We’re a city that likes to bowl. So much so that we want to celebrate bachelor parties, corporate events and even our birthdays while working toward that perfect game. But we don’t want to break out our rosin bags and wrist guards just anywhere. The private room at The Corner Alley allows us (and up to 99 of our closest friends) to feel like a VIP with four bowling lanes, a billiards table, comfy couches, a fully stocked bar and large LCD screens for keeping score. And if you are a local celebrity such as Daniel Gibson or Grady Sizemore (who’ve both rented out the room at $350 an hour), there’s even a back entrance to make sure everyone knows who the high roller is.
Bar Game Around The Corner
18616 Detroit Ave., Lakewood (216) 521-4413 atccafe.com
An oversize salad bowl serves as a starting gate, keeping restless hermit crabs covered on a platform at Around the Corner. The bowl is lifted and off they go, dashing and maneuvering (prodded along by squirts of water coming from their handlers) until one crosses the perimeter and is declared the winner. It’s all part of the newest bar game at one of our favorite neighborhood bars (it earned a Best of Cleveland nod last year for its patio). There’s a lot riding on the crustaceans: Up to 20 gamers can participate in each race by entering a crab for $2 each, with the chance to win lottery tickets worth up to $10,000. And don’t worry about the crabs. They are returned each night to a local pet store, says owner Mickey Krivosh. “We use them just to exercise their little legs,” he says.
Throwback Bar Rowley Inn
1104 Rowley Ave., Cleveland
It’s been a long time since we’ve made sure we had a pocket full of quarters before going out for a night of fun. Between a killer jukebox filled with classic rock, oldies and good country, drinks cheap as any bar in town, a 5:30 a.m. opening time and a vintage Asteroids machine, how can you pass up the Rowley Inn in Tremont? (Not that side of Tremont. The other side of the bridge, away from its popular restaurants.) The guy installing the machine told us it is one of two Asteroids machines in the city, and it lives in all its 1979 beauty. Tapping those directional arrows, firing away at the ragged rock shapes from your triangle ship and dodging large and small UFOs make us want to talk Brian Sipe with the retired steelworkers in the bar.
Diner Revival Big Egg
5107 Detroit Road, Cleveland (216) 281-1600
No, this is not the Big Egg you remember from those intoxicating late nights of your youth. This version is more early bird than night owl, more family guy than party animal. The former 24-hour diner, which shut down in 2000 before it was revived last February, now keeps 6 a.m. to 9 p.m. hours every day except Sunday, when it closes an hour earlier. The gimmicky egg-shaped menu has been resurrected. So have the shockingly inexpensive prices. Name another sit-down joint that offers a 99-cent breakfast (two eggs, hash browns and toast Monday through Thursday with a beverage purchase) or something called the Crazy Breakfast 2 X 4 — two eggs, two pancakes, two strips of bacon, two sausage links — for $3.99. The place makes Denny’s Grand Slam look like a foul ball. That’s before you even get to the deli fare ($5.19 or less), half-pound burgers ($5.99) and monstrous open-face sandwiches ($5.19) served with mashed potatoes and drowned in gravy. Aren’t you glad you’re going to clearly remember this visit?
With the divorce rate as high as it is, it’s no surprise that classic food pairings would be the next thing to split. Blame the chefs at Bar Cento for the rift in the marriage of french fries and ketchup with the creation of three Belgian dipping sauces — a delightful trio of mayos in garlic, curry and chile flavors — that accompany each order of pommes frites. You’ll forget tomato purée ever existed as you dunk each crisp potato slice (covered with chunks of garlic and sprigs of rosemary) into the creamy and sweet sauces. Do what we do and mix a few together. Dip garlic with a little chile or curry with some garlic. Your taste buds will be happy you cheated. And ketchup (which also makes a small appearance on the dish) will need a good attorney.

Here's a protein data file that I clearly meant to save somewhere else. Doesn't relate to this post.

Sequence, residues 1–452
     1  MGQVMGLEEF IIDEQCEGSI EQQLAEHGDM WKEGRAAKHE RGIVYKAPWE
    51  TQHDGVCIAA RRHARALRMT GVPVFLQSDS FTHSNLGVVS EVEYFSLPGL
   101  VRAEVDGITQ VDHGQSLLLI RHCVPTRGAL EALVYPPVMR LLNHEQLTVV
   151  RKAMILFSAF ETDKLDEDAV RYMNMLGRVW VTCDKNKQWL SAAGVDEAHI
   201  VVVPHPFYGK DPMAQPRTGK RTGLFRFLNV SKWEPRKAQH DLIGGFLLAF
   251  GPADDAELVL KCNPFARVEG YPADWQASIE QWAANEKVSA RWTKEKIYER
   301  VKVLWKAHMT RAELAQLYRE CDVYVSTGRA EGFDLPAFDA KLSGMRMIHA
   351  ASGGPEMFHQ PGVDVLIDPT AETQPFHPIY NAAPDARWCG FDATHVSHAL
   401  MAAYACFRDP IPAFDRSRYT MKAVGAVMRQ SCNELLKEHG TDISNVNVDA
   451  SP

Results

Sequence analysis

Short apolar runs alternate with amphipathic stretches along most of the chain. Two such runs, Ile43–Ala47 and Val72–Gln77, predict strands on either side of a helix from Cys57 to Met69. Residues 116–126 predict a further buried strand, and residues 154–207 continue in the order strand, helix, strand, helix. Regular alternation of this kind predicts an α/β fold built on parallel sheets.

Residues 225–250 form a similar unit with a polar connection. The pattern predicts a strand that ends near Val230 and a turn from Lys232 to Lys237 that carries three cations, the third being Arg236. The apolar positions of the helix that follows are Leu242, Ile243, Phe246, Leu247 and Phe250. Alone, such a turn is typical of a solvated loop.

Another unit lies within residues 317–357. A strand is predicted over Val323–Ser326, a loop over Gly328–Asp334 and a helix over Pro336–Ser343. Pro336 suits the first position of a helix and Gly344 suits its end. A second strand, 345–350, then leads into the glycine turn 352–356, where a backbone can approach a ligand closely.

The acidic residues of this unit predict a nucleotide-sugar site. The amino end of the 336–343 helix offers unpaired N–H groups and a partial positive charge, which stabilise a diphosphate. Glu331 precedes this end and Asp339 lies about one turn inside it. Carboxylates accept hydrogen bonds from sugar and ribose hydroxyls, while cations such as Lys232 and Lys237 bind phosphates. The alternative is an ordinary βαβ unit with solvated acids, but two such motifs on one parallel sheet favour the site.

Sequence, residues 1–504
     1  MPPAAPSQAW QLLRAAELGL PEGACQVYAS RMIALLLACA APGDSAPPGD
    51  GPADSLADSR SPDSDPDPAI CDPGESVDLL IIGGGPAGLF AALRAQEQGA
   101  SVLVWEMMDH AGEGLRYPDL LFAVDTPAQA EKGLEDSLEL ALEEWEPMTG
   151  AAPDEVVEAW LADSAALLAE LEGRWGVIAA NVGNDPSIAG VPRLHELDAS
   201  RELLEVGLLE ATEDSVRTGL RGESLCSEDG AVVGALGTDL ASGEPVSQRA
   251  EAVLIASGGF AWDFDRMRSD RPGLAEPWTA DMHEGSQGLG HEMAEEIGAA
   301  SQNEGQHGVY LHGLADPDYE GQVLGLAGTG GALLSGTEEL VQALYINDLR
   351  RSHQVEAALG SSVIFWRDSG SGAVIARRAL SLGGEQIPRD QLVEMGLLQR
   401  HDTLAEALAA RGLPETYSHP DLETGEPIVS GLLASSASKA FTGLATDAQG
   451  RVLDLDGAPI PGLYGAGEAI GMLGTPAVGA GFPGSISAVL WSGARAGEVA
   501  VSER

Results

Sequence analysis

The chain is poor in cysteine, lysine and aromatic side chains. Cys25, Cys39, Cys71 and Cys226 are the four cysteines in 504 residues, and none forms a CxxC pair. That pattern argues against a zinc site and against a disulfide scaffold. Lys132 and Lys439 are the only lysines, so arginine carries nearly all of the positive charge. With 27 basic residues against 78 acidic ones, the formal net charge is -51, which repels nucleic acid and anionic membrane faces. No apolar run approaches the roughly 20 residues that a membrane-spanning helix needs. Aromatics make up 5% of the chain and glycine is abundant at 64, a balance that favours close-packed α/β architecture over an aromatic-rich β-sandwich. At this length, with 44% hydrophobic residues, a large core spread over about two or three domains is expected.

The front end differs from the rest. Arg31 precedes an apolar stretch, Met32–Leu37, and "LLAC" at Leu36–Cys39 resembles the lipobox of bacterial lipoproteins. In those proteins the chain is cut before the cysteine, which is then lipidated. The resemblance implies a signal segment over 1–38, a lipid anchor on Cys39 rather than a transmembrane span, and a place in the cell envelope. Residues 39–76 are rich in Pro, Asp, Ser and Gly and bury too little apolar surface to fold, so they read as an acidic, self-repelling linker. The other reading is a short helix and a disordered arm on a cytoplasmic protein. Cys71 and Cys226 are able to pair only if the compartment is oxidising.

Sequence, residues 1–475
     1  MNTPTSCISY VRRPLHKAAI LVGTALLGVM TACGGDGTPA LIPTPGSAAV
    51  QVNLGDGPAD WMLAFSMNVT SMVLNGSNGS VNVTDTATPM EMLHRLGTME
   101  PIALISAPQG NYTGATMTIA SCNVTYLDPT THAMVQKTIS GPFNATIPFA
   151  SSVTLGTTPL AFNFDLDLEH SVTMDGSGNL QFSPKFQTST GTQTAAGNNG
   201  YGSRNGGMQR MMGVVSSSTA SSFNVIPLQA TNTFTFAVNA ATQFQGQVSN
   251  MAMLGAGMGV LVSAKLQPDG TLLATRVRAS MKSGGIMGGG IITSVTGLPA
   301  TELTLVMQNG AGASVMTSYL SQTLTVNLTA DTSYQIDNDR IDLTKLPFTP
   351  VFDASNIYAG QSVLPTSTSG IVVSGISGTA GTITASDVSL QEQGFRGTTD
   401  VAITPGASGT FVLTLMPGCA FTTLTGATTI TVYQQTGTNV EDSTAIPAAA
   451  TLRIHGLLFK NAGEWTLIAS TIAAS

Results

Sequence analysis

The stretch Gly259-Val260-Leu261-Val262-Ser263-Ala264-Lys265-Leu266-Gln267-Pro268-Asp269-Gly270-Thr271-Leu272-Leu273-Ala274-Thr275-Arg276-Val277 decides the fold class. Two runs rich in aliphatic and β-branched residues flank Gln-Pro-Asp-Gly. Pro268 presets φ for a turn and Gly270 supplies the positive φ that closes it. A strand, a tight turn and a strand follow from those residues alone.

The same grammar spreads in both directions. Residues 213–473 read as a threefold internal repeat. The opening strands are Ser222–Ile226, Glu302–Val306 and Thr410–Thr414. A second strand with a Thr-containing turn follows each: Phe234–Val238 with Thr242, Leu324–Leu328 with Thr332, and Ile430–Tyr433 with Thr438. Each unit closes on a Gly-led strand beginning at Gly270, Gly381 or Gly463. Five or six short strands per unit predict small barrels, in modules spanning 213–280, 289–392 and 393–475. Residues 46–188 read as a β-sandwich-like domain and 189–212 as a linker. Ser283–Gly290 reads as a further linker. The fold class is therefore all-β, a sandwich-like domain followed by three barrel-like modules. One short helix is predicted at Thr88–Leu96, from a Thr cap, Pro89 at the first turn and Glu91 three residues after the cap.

If you are dining outside overlooking a wide swath of sand and the gentle waves of Lake Erie, there is only one place you could be: the Rose Café in Lorain, because it’s the only place in Northeast Ohio where you can order a real meal at the beach. And unlike Huntington in Bay Village, where stone piers and that steep hill close you in a bit, this beach feels luxuriously open — an unexpected contrast to the dense city streets surrounding it. The menu is small enough to be done well and is reasonably priced (Belgian waffles are $2.99, burgers are $5.99 and grilled salmon is $9.79). But the view is expansive and ever-changing. Packs of seagulls rule the morning, the swimmer-and-sand-castle crowd takes over during summer lunch, and the sunset is the star later on. If you’ve got little ones, reserve some time for the playground right on the beach. If you go before the first frost, take time for Lakeview’s historic Rose Garden.
As long-suffering Cleveland sports fans, we don’t often give props to Pittsburgh, a city currently basking in the glory of two championship teams (no, we don’t really think hockey should count either). But we’re making an exception with Fat Head’s Brewery & Saloon, a Steel City original that opened a C-town-area version this year. The Headwiches (super-creative sandwiches that, yes, are about the width of your head) are big enough to share, so go with friends — just no Steelers fans, please. And since Pennsylvania grub alone just won’t work in this town, the menu has taken on a local tone, packing in favorites such as Lake Erie walleye, Polish sausage and pierogi. There’s even a sub called the Dawg Pounder. Wash all these down with craft beers brewed right on the premises — that’s something the Pittsburgh location can’t claim. Score one for Cleveland.